The main subject of medical privacy is the 'medical record' which historically has been a paper file of the entire medical history of the patient. Various electronic forms of medical records have existed in western countries, but mostly in an unintegrated fashion. This lack of integration has in a large part facilitated privacy. While the patient's General Practitioner (GP) often generates and holds much data, copies can end up being produced at hospitals and other care facilities - often resulting in errors. By 1999 62% of the British National Health Service (NHS) trusts used electronic records, to some degree.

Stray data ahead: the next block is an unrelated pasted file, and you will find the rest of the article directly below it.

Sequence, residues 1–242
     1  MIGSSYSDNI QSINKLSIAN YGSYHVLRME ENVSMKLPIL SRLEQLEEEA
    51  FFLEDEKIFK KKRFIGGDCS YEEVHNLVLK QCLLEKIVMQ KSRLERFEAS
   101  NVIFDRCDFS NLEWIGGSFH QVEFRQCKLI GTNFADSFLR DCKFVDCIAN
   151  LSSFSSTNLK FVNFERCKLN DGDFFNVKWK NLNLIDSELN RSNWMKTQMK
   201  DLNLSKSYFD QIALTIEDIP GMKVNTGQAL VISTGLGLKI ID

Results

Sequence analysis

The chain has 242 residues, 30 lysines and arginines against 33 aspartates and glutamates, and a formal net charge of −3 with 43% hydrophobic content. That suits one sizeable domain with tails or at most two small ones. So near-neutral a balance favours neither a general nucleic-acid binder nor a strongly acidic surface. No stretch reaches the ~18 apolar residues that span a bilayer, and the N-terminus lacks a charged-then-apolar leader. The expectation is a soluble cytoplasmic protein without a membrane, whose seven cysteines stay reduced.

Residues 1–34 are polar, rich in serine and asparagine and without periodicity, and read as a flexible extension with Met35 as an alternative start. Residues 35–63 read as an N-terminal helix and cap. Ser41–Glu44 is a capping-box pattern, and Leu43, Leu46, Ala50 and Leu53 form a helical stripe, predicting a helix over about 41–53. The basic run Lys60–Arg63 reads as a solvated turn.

In 2003 the NHS has taken moves to create a centralised electronic registry of medical records. Its privacy is protected by the UK's Government Gateway, built by Microsoft. The programme is called Electronic Records Development and Implementation Programme (ERDIP).
Privacy is based on patients' rights in the UK, flowing from the European Convention of Human Rights through the Data Protection Act (DPA) in the UK. The opposing point of view that access is on a 'need to know basis' is not legal, it is the patient who must grant access.
In the USA, the Medical Information Privacy and Security Act (MIPSA) is the new development. It contains important provisions requiring accesses to generate an audit trail, and for patients to be able to partition their data so that for example genetic information is not revealed when they go for a flu jab. Individuals have a right to access, copy, edit and augment their information.